• And Btw, they are etched, only mistakes were corected by pushing up the copper, polishing it and than engrave the corections in.

  • Greg Stechman says:

    this is absolutely fascinating to say the least! I happened upon what I believe are also copper plates, as they are all images of areas in the Dubuque, Iowa Masonic Temple ( of which I am a member of Mosaic Lodge 125), as well as many portraits. I would love to be able to restore ours as well, plus once they are restored I would like to try to scan them to share them digitally as well, especially since next year our Grand Lodge is celebrating our 175th year.

  • Laurie Jedamus says:

    I’d be happy to talk with you about your copper plates! I’ll contact you offline.

  • Roger Castanien says:

    I read with great interest the description about restoring copper plates. I represent a group called “The Tin Whistles”. We are the oldest active Golf Society in the US, based in Pinehurst NC. We were formed in 1904 and serve as a charitable organization, giving out hundreds of thousands of dollars in college scholarships to area students as well as promoting the game of golf. We recently acquired a copper plate display listing the winners of our annual Golfing Championship from the early 1900’s. It was very tarnished and unreadable. An attempt was made to clean it but to no avail. Regrettably, it is nearly impossible to read the names and dates, with the engraving being so finely made. (Your description of the buffed powdered charcoal sounds like a perfect solution!) Can you direct me to any conservator who may be willing to examine our plaque and give us an idea of how it might be restored? I await your reply.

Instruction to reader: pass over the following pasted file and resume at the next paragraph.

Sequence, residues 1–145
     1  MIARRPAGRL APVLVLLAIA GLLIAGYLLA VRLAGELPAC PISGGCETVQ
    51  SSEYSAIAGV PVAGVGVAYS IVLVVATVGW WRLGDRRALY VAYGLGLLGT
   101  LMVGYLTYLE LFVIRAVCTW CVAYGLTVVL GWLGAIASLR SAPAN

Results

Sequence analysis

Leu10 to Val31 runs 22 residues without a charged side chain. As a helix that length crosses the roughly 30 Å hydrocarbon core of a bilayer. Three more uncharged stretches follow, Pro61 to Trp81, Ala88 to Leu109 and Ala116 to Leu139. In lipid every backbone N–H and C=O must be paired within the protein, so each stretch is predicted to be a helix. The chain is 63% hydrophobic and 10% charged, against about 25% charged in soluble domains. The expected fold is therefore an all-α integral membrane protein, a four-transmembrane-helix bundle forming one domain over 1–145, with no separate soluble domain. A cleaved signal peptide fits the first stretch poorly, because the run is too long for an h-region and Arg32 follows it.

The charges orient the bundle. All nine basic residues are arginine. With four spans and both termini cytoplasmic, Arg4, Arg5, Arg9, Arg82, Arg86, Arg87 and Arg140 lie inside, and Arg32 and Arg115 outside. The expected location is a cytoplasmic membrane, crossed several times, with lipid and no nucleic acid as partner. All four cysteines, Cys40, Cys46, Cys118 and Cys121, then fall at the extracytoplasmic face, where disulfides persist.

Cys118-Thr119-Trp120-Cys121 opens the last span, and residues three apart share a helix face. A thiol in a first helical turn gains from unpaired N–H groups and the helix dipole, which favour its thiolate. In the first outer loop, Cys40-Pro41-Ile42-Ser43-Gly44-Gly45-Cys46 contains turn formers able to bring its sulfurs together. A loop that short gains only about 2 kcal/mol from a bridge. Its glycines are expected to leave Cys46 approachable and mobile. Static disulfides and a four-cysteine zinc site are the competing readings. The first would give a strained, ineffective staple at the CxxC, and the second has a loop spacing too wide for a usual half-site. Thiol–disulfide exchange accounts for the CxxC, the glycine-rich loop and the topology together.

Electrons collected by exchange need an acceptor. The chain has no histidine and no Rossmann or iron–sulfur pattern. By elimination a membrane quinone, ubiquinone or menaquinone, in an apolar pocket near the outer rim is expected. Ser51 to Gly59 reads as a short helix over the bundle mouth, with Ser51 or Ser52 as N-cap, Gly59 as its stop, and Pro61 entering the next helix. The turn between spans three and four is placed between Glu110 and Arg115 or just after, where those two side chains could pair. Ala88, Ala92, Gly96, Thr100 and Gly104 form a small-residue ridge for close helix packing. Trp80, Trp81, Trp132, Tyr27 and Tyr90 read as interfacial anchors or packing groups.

Roger Castanien

  • I have meanwhile clened over 100 of this Plates, as I’m also able to print from them and create a 3 color print.

  • Laura says:

    Hello! I’d love to learn more about the custom housings you made for these plates. I work in a University Library as well and am tasked with rehousing some of our own. Many thanks!